A federal district judge in Montana earlier today dismissed a lawsuit filed by the Freedom from Religion Foundation to have the U.S. Forest Service remove a statue of Jesus on Big Mountain near Whitefish, Mont.
The statue, a memorial to those who lost their lives in World War II, was erected by the Knights of Columbus 60 years ago and is known as “Big Mountain Jesus.” The memorial is privately maintained and located in the middle of a commercial ski resort on Forest Service property.
The Wisconsin-based Freedom from Religion Foundation said the statue could not be legally displayed on government-owned land because of its religious nature.
Rejecting the group’s argument, U.S. District Judge Dana Christensen, who was appointed by President Barack Obama in 2011, held that the 60-year-old memorial did not violate the First Amendment.
“Unquestionably, Big Mountain Jesus is a religious symbol commonly associated with one form of religion,” he said. “But not every religious symbol runs afoul of the Establishment Clause of the United States Constitution. Big Mountain Jesus is one of the only vestiges that remains of the early days of skiing at Big Mountain, and to many serves as a historical reminder of those bygone days.”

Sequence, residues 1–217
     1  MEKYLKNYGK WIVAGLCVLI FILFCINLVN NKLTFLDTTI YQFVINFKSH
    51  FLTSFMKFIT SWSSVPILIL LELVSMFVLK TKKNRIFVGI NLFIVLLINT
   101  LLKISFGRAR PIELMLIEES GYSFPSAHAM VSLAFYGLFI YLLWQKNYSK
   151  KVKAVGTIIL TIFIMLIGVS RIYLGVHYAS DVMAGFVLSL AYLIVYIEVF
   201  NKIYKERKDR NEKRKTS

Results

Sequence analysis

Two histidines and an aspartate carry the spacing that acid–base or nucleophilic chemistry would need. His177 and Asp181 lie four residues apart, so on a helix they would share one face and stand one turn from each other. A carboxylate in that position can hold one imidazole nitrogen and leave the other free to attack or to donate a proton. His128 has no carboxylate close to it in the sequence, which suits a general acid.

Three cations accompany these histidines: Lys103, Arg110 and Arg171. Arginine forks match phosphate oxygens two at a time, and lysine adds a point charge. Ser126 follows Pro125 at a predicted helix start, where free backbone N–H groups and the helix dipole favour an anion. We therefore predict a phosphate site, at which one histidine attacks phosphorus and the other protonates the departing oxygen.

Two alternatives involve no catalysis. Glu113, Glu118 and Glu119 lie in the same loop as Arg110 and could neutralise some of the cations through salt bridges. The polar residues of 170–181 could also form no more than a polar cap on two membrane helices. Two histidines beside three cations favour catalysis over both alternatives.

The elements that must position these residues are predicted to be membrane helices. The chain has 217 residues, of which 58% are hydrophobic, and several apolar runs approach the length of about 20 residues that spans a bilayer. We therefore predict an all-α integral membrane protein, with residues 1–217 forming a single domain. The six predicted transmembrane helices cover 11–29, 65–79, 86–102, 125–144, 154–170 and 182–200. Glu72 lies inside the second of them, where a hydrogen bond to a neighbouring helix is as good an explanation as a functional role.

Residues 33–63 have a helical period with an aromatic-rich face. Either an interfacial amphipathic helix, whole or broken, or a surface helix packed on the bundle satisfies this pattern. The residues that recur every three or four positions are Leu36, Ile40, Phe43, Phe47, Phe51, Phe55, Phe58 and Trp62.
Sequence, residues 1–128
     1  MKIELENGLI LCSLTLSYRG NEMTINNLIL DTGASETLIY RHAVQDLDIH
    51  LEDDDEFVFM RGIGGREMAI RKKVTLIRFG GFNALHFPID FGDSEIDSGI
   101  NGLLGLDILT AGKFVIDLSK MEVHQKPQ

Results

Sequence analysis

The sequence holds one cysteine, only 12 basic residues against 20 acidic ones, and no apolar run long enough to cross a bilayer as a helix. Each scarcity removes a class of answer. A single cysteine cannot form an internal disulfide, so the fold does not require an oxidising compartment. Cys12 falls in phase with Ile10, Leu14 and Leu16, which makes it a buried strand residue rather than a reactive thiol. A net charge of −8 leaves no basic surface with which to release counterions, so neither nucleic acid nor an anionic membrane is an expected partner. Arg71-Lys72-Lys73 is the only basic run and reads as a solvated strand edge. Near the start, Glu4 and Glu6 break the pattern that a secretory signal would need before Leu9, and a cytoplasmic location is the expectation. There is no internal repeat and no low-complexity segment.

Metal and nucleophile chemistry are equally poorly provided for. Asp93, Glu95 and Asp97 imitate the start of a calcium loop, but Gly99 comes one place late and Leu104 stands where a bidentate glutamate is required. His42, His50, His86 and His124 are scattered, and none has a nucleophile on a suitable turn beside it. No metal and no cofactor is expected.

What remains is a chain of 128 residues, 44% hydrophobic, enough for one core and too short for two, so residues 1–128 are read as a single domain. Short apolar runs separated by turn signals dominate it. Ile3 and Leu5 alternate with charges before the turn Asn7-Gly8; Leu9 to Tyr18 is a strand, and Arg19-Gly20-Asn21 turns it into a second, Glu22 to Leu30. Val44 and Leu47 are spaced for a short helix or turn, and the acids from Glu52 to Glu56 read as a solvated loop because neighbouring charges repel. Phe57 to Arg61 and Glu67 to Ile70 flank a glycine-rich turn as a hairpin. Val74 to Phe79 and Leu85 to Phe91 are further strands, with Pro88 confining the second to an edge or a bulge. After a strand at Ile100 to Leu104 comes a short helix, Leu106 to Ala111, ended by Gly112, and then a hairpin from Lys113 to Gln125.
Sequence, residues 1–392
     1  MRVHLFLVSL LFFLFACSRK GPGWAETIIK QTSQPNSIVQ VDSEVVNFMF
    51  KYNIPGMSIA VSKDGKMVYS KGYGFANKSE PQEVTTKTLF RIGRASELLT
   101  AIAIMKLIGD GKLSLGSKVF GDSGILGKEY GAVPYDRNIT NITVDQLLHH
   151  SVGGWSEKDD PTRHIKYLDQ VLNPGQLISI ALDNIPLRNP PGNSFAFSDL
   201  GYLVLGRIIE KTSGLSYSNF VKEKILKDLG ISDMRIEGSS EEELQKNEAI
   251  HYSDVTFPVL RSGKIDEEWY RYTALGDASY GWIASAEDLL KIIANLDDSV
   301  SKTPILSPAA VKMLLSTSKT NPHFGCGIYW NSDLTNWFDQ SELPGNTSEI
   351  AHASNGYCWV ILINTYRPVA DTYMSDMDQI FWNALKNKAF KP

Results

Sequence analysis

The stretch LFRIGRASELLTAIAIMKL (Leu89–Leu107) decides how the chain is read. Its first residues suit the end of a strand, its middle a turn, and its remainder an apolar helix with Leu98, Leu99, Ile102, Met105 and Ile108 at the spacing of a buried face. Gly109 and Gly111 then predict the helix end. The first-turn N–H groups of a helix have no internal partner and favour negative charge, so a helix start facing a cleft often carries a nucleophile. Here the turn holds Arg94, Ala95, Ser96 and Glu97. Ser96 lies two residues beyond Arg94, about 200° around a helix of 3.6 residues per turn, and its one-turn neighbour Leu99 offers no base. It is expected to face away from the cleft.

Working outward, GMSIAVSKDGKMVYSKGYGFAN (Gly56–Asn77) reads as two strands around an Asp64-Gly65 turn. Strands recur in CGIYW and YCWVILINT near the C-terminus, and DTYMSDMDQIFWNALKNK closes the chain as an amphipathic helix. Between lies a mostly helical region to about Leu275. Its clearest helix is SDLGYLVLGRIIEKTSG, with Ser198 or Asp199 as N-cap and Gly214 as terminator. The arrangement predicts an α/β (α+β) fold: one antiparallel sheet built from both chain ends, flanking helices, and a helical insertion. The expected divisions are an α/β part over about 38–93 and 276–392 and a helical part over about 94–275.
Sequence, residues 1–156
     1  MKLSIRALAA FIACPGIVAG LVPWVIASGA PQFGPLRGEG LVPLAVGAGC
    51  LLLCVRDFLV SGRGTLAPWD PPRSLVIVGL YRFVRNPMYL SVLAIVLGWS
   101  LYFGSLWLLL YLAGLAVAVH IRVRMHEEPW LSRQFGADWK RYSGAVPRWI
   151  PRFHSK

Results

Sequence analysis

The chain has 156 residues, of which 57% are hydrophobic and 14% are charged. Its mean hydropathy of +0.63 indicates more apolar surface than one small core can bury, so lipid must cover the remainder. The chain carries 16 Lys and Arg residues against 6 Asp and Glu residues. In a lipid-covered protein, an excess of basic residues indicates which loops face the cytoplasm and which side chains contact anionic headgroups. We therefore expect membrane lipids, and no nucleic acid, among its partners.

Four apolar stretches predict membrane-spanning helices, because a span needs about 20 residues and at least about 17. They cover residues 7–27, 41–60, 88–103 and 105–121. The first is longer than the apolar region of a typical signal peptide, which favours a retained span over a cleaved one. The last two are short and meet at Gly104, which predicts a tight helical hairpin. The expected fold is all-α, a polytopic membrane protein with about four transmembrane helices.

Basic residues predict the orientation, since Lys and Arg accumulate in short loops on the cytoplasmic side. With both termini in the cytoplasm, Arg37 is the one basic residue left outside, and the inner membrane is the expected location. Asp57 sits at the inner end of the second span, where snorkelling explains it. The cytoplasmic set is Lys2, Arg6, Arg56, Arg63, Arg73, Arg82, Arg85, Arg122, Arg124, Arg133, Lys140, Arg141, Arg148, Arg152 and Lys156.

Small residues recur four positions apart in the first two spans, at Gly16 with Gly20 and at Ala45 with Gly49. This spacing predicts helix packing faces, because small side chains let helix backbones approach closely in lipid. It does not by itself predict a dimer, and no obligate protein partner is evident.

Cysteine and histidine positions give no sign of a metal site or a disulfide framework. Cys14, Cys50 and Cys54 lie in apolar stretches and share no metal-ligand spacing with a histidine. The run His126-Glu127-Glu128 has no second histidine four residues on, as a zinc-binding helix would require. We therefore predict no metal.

Eric Rassbach, deputy general counsel for the Becket Fund for Religious Liberty, who defended the memorial in court, praised the judge’s decision: “The court’s common-sense decision today honors our veterans, preserves our nation’s history, and rejects the idea that all religious symbols must be banished from public property.”
The Knights of Columbus leased the 25-foot-by-25-foot plot of land, maintained the memorial, and renewed its permit to do so every 10 years without incident, until 2010, when the Freedom from Religion Foundation filed suit.
“We still don’t know if a tree falling in a forest makes a sound,” Rassbach said. But we can be sure that a lonely Jesus statue standing in a Montana forest doesn’t create an official state religion for the United States.”